.Live is faring well as live online content becomes more popular. Let’s dig in.
Today, Donuts issued a press release remarking on the growth of its .live top level domain name. .Live is Donuts’ largest new top level domain based on domains under management (DUMs), which are up about 30% since the start of the year.
Let’s dig into the data to see how .live is doing.
Growth and Domains Under Management
First, let’s look at the domain counts at nTLDStats dating to late 2015:
The domain had steady growth leading into June 2019, at which point DUMs lurched up by a couple of hundred thousand within weeks. This was likely due to new promotion strategies and discount pricing.
Indeed, Donuts prices .live with a very low first-year price and a modest renewal. You can register a .live for $1.99 at GoDaddy right now for the first year, only to pay $39.99 per year after that. Based on data at a couple of registrars and how they typically price domains, promotional first-year wholesale costs are probably around $1, and renewal prices are about $16-$17.
The 2019 surge gave way to the inevitable 2020 drop when domains came up for renewal. Since January of this year, the domain has shown steady growth.
nTLDStats reports that the top registrars are GoDaddy, Namecheap, Enom, NameSilo, and Name.com. Donuts owns Name.com. The domain has a reasonably healthy distribution among registrars.
Anecdotally, it seems that .live has done well with live streamers and similar influencers. It’s a good domain name for anyone streaming or producing video content.
Pandalytics, a DomainsBot service that tracks domain usage, calculates that about 53,000 .live domains are developed. Analytics services like Pandalytics use varying data methodologies and they rarely match each other. But it’s helpful to compare .live to the domains directly above and below it in nTLDStats’ DUM rankings: .work and .bar. Both .work and .bar have similar first-year pricing strategies.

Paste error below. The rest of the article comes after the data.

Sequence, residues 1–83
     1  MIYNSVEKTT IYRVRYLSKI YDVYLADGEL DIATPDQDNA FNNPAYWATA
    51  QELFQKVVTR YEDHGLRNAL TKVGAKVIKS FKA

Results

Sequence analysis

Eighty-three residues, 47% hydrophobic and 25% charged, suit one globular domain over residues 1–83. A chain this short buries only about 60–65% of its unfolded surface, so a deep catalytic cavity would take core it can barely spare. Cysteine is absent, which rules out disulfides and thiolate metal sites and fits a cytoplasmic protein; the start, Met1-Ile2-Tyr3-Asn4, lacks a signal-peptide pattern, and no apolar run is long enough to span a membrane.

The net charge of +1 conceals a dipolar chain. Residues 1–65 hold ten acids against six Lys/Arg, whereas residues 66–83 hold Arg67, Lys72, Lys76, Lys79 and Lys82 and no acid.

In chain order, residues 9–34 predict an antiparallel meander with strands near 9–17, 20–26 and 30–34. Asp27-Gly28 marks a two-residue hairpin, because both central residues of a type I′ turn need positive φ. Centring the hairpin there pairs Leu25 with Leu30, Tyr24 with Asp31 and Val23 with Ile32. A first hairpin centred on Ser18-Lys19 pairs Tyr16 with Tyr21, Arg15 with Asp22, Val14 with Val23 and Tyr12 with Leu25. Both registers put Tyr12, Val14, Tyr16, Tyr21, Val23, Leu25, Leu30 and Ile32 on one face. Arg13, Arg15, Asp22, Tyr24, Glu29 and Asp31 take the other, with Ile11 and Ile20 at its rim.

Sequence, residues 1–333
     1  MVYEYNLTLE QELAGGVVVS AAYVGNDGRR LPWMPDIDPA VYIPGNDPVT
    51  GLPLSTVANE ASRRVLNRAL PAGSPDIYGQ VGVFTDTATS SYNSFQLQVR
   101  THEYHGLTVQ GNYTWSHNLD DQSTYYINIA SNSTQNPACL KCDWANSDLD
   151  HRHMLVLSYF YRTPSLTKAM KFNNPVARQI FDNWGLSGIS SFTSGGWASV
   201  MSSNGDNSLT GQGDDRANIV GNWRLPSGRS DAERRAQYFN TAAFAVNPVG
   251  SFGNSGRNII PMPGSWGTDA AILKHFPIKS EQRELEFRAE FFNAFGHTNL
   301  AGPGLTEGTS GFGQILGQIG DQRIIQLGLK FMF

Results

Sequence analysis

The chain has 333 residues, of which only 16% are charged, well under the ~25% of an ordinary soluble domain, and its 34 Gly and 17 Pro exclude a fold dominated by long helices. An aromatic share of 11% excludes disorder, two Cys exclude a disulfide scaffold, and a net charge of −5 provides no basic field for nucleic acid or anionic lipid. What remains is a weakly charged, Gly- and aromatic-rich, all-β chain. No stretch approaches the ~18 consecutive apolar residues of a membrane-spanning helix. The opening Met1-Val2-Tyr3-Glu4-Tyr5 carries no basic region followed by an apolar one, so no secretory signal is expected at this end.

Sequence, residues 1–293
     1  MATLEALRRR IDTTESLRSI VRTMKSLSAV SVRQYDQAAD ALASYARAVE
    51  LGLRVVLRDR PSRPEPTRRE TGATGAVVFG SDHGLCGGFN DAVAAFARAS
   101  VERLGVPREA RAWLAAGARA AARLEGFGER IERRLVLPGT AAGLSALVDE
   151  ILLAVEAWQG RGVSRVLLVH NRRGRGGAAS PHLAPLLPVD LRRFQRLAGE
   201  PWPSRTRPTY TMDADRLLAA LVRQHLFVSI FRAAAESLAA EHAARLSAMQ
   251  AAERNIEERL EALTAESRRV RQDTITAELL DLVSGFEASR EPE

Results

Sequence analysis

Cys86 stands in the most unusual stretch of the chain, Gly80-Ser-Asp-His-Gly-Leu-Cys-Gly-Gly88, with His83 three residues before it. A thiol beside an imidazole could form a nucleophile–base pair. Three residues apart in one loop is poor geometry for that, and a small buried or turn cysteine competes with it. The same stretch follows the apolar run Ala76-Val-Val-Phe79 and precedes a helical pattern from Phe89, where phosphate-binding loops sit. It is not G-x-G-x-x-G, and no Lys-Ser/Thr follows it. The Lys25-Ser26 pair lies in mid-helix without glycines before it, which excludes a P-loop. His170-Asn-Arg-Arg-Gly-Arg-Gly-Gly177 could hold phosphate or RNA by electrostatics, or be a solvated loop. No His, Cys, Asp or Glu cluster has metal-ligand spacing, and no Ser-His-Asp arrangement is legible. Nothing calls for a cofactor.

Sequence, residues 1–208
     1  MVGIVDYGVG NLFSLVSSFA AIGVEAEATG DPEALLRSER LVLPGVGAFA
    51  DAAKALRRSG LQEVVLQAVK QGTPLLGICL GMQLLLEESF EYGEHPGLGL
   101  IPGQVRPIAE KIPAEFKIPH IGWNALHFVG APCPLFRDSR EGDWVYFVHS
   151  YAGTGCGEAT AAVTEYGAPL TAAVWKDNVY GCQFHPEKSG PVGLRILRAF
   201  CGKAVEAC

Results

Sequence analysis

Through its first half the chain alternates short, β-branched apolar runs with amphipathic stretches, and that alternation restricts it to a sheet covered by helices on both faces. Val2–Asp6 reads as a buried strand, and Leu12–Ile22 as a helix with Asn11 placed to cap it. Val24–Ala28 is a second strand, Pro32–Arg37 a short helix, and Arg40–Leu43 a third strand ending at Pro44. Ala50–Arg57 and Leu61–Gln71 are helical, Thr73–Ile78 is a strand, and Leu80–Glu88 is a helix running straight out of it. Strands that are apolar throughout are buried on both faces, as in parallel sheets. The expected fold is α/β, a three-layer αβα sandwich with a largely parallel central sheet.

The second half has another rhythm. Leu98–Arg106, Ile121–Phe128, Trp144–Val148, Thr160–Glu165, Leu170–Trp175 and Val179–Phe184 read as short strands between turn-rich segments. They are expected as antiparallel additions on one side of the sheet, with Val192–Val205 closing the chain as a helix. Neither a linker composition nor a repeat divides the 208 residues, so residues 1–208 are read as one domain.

.Work has about the same number of registered domains as .live, and Pandalytics calculates roughly 58,000 are developed.
.Bar has about 100,000 fewer domains, and Pandlytics counts only 5,000 developed domains.
Some people register .live domains to redirect them to pages on streaming and video platforms, which also shows up in the numbers. Pandalytics calculates 30,000 .live redirects, compared to 21,000 for .work and 16,000 for .bar. (Of course, not all redirects are to active sites. Many of them are to parked pages and for-sale landers.)
Donuts uses a high-high model for pricing premium .live domains. This means people who register domains Donuts labeled as premium pay a higher price for the initial registration and subsequent renewals. This makes it difficult for domain investors to acquire domains for resale.
When Rightside (later acquired by Donuts) launched .live, it quickly sold some of the best premiums. In 2016 it sold sex .live for $160,000 and porn .live for $120,000. Both of these domains are currently listed for sale.
Rightside also sold stream.live for $20,000. Stream.live currently forwards to theq.live, a live streaming platform. It also sold church.live for $20,000 and Phoenix-area mega-church Gateway Church uses the domain name.
More recently, c.live sold for $28,500 on Sedo last year and is used by a live streaming app.
You can still get good .live domains on the aftermarket for reasonable prices: tech.live sold for only $560 in March. But don’t forget premium renewals on most of the good domains.
You can see recent sales at NameBio.
.Live is Donuts’ biggest new TLD. Donuts uses low teaser prices for the first year, and this has spurred lots of first-year creates. Many of these domains renew and .live has reasonable levels of usage. The domain seems to be faring well during the pandemic as live video takes center stage.
I own roulette.live
I wonder what sport.live went for, and weather.live